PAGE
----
Primary care practices may be relying on advanced practitioners (APs) to accommodate new Medicaid beneficiaries following the passage of the Affordable Care Act, according to a study published in the July/August issue of the Annals of Family Medicine (1).
…….and this sets up a two-tiered healthcare system. One for the haves and the other rooted in Medicaid for the have-nots. The article reported on: “Primary care access in Medicaid improved after the Patient Protection and Affordable Care Act (ACA) despite millions of new beneficiaries.” They theorized that practices were scheduling more medicare/Medicaid appointments with APs. This theory was put to the test. They used data in which callers simulated new Medicaid patients and requested appointments with 3,742 randomly selected primary care practices in 10 states and documented whether it was with a physician or an AP. The proportion of primary care appointments scheduled with AP’s:
Thus up to 28% of Medicaid patients will see an AP. Simulated Medicaid patients scheduled more appointments with APs after the implementation of the ACA. These findings suggest that practices may be relying on APs to accommodate new Medicaid beneficiaries. This is the plight of the have-notswho rely on Medicaid will see AP’s and those haveswith private insurance will see physicians. Medicaid beneficiaries are at particular risk of poor access due to lower reimbursement rates and less physician participation in Medicaid. So those most vulnerable in our society with least resources will see those that are lessor trained. This blog will not discuss the studies comparing physician level care to that of AP’s. I will state that it is factual that AP’s have considerable less education and training than physicians. The clinical hours alone amount to about 3% of that of a residency trained physician (500 clinical hrs vs 15,000 clinical hrs). Thus now we have two tiers of health care: (1) physician level care, and (2) AP level care. Those in the lower socio-economic strata default to AP’s while those with higher-level resources will go to physicians. Perhaps an unintended consequence of the ACA as well as expanding utilization of AP’s in primary care. So now healthcare has become a two-headed dragon with two tiers. Ethics anyone…………….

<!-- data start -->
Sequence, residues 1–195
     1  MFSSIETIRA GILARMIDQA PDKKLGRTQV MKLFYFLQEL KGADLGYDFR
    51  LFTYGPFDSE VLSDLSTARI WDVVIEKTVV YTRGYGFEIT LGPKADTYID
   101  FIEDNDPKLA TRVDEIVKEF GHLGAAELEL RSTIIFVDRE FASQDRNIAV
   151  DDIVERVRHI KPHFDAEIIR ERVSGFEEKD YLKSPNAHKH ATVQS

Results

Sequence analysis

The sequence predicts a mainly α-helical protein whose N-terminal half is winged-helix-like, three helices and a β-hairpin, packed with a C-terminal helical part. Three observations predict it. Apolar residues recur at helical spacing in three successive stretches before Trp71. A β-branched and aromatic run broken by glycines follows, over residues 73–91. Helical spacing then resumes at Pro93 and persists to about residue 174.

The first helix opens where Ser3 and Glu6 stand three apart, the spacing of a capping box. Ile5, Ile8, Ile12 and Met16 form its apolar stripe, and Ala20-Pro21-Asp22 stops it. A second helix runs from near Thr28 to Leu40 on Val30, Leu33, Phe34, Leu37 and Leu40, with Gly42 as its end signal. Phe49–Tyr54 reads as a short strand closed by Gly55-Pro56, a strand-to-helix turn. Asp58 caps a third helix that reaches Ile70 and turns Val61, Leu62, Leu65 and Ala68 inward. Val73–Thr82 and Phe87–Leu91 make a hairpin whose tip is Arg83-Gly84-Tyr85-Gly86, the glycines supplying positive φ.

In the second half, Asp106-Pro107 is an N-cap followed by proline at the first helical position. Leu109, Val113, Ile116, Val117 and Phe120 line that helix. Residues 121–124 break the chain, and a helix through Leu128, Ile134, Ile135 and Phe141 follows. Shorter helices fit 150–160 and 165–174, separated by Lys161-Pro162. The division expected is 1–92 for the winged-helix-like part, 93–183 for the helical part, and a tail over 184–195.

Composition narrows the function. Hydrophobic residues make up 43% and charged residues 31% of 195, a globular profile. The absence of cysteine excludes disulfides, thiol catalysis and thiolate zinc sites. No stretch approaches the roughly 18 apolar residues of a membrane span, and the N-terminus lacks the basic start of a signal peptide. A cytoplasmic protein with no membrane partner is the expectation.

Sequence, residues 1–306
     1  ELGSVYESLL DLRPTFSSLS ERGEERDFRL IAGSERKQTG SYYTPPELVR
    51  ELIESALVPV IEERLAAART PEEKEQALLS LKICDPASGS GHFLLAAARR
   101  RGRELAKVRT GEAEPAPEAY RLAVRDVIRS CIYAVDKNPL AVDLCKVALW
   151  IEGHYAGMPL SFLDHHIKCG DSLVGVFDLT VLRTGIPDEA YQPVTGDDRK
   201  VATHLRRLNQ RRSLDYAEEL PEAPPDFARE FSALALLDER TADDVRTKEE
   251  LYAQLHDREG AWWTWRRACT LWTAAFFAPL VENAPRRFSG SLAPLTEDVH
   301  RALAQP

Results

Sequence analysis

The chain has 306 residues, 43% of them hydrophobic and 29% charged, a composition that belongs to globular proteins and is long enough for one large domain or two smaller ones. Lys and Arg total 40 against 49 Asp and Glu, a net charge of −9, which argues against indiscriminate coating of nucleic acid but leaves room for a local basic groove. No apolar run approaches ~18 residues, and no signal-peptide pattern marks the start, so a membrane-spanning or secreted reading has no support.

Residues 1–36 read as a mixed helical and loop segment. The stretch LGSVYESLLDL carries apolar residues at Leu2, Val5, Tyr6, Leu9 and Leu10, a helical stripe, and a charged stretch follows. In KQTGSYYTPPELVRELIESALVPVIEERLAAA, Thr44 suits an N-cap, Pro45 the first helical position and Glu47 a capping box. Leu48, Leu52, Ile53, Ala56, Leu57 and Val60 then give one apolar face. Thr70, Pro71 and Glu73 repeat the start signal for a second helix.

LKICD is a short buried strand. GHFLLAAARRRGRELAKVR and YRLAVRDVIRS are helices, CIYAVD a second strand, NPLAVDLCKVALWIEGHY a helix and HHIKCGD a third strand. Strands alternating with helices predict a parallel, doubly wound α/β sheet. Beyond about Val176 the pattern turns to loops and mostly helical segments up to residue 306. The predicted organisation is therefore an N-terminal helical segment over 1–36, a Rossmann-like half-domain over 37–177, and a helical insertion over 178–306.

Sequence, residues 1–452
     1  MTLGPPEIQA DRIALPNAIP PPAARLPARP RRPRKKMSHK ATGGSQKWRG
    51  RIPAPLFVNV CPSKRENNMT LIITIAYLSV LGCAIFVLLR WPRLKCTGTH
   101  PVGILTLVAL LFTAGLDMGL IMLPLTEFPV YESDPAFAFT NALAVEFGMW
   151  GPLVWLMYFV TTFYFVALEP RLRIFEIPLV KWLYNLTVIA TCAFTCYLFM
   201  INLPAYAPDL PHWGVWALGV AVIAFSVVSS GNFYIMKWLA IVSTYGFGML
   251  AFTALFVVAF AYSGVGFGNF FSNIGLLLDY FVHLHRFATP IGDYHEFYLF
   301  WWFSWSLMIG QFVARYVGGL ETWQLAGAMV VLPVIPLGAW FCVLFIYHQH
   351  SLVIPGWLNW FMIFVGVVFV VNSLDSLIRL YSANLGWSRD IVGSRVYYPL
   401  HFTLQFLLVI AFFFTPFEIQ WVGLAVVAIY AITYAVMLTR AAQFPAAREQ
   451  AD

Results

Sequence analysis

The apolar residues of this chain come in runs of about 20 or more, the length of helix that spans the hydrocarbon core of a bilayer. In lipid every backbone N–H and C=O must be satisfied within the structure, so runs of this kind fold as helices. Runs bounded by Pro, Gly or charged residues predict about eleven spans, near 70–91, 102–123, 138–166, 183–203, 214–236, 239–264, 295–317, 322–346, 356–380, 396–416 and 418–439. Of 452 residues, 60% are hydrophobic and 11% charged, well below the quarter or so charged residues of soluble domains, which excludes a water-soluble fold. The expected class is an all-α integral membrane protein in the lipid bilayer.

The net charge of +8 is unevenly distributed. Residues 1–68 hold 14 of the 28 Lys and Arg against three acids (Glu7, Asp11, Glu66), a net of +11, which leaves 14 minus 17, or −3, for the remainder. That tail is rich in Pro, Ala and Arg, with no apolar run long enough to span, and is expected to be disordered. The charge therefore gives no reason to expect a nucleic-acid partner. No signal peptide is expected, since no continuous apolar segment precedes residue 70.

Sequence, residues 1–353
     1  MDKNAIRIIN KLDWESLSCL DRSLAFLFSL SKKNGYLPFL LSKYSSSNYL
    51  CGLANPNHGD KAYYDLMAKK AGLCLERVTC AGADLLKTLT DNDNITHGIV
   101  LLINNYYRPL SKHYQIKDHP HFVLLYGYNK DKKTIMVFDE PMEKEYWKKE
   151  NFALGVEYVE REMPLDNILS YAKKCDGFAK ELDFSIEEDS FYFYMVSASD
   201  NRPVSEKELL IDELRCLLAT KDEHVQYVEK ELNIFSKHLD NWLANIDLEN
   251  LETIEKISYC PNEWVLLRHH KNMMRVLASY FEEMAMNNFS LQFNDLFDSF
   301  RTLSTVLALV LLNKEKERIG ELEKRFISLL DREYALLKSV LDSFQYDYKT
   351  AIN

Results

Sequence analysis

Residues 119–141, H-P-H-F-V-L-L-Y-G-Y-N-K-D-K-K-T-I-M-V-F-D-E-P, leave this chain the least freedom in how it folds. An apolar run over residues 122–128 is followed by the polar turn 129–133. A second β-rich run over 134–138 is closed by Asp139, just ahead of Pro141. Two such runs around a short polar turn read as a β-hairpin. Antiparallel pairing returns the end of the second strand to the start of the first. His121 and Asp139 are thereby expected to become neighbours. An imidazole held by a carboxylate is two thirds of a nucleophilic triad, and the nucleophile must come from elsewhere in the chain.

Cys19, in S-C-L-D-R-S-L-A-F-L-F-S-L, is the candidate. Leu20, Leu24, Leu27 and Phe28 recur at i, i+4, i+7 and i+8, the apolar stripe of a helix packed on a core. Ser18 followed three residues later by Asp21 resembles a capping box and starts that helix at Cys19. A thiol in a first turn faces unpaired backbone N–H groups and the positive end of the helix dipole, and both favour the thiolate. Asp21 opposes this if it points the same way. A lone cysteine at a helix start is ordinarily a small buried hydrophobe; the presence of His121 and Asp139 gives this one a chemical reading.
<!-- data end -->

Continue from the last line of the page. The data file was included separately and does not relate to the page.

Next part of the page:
- Lena Leszinsky andMolly Candon. Annals Journal Club: Primary Care Appointments for Medicaid Beneficiaries With Advanced PractitionersAnn Fam Med July/August 2019 17:363-366; doi:10.1370/afm.2399 http://www.annfammed.org/content/17/4/363.full